The next two assignments relate to the testimony of Pattie Sue Presley, a barmaid employed in the 519 Bar, who saw both defendant and deceased on October 7, 1953. It is said that the court erred in permitting this witness to partially identify the deceased by reciting what she had seen in a newspaper as such was hearsay. This apparently relates to testimony of the witness that she had seen a picture of deceased in the paper and recognized it as a picture of the girl she had known as Sylvia and further learned that her last name was Walton. Evidence of the name by which a person is known is not within the rule excluding hearsay evidence. State v. Deppe, Mo.Sup., 286 S.W.2d 776. It may be, however, that to permit a witness to repeat a name learned from one specific article in the newspaper would be extending this exception too far. Assuming, without deciding, that it was improper to permit this witness to state that she learned from the paper that the last name of deceased was Walton, it is our view that since there was other evidence as to her name, any error in this regard would not have been prejudicial. Counsel for defendant asked this witness the following question: 'Has the Excise Commissioner's Office questioned you about this matter?' Defendant contended such testimony would affect the credibility of the witness and complains of the action of the trial court in sustaining an objection thereto. There is nothing to indicate that this question would have elicited relevant evidence and since no offer of proof was made to show its relevancy we cannot say that the exclusion thereof was error. State v. Dill, Mo.Sup., 282 S.W.2d 456.
Another contention appearing in the motion for new trial is that the proof, independent of defendant's confessions, failed to establish the corpus delicti and hence the court erred in admitting the confessions in evidence, and further erred in overruling the motions of defendant for a judgment of acquittal. The corpus delicti in a murder case consists of proof of the death of the person alleged to have been murdered and that such death was caused by the criminal agency of some one other than the deceased. State v. Meadows, 330 Mo. 1020, 51 S.W.2d 1033. In the instant case the fact that the dead body of the deceased was found on a used car lot in a large city, in a nude condition, and that her clothes were found in an ashpit a block away, when considered in connection with the finding of the pathologist that she died of suffocation, would seem to be sufficient to indicate that her death resulted for the criminal agency of someone. State v. Kauffman, 329 Mo. 813, 46 S.W.2d 843; State v. Stringer, 357 Mo. 978, 211 S.W.2d 925. We rule this assignment against defendant.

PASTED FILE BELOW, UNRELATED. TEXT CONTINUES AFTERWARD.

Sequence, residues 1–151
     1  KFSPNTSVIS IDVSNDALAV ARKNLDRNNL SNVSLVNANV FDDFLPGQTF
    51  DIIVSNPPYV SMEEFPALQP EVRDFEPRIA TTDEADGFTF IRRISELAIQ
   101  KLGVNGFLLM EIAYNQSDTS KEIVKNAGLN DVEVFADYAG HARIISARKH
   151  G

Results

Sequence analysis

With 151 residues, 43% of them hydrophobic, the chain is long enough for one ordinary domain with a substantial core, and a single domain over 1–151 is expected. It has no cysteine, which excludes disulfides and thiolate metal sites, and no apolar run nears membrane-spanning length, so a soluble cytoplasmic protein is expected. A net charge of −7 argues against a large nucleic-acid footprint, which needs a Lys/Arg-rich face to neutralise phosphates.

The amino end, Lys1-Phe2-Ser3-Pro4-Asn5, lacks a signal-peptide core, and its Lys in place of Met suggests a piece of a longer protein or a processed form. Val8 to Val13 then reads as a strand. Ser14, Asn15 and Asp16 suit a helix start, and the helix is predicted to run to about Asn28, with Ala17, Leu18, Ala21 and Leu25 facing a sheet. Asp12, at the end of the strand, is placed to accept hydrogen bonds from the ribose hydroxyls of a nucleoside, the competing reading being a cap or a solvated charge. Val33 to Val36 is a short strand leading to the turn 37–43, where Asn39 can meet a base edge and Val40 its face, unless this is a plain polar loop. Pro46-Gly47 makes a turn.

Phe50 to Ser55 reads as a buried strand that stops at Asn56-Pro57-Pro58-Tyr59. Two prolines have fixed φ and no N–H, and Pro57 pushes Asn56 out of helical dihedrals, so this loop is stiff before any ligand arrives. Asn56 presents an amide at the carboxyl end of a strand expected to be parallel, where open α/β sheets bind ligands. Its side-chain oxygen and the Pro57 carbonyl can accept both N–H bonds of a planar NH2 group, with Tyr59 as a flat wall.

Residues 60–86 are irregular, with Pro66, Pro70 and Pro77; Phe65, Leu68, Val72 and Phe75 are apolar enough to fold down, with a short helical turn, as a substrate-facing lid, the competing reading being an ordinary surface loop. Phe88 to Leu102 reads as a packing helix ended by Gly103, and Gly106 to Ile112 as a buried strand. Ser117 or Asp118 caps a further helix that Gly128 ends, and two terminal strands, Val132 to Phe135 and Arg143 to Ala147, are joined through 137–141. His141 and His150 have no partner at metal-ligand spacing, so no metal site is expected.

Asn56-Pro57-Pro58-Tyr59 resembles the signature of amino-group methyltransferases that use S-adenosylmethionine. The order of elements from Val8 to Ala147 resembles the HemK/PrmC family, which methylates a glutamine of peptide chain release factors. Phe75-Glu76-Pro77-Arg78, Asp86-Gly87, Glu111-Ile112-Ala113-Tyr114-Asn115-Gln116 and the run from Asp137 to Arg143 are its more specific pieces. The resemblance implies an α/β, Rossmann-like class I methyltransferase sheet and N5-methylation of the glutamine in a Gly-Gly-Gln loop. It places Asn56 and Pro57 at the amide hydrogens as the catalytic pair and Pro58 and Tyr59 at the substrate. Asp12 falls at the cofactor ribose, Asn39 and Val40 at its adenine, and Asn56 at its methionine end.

It is also contended that the court erred in admitting the confession in evidence because they were said to be 'the result of coercion and force, and the defendant having been held in jail past the 20 hour limit; they were hearsay and no proper foundation was laid for their introduction.' At the request of the defendant the court held a preliminary hearing, outside the presence of the jury, upon this issue. The evidence presented by the State indicated that defendant was arrested at 8:45 a. m. on October 30, 1953. He signed his first confession before noon the next day. The officers testified that no threats or promises were made to defendant and that he was not questioned for any extended period of time. It is perhaps significant that defendant was permitted to talk with his wife for about two hours during the afternoon of October 30, and on the morning of October 31, when defendant made the admissions in question, his brother was present during the period of questioning. It is true that defendant testified at this hearing that he was questioned at intervals all the first day of his arrest and until 4:30 a. m. of the next day. He also stated that the officers told him he was 'just being held as a material witness, and the girl had died a natural death, and I wouldn't have anything to worry about, if I would make a statement I could go home, and get everything cleared up without any embarrassment whatever.' The officers denied making this statement. The first statement was taken by the police on the morning of October 31 and subsequently defendant was questioned by Mr. Bruntrager, an assistant circuit attorney, and another (more detailed) statement was signed by him.
While there was some conflict between the testimony of the defendant and that of the officers, we have concluded that the State, at the preliminary hearing, sustained the burden of showing that the confessions were voluntary. State v. Di Stefano, Mo.Sup., 152 S.W.2d 20. Moreover, the fact that defendant may have been held, under arrest, for more than 20 hours, without being formally charged with a criminal offense, does not render the confessions...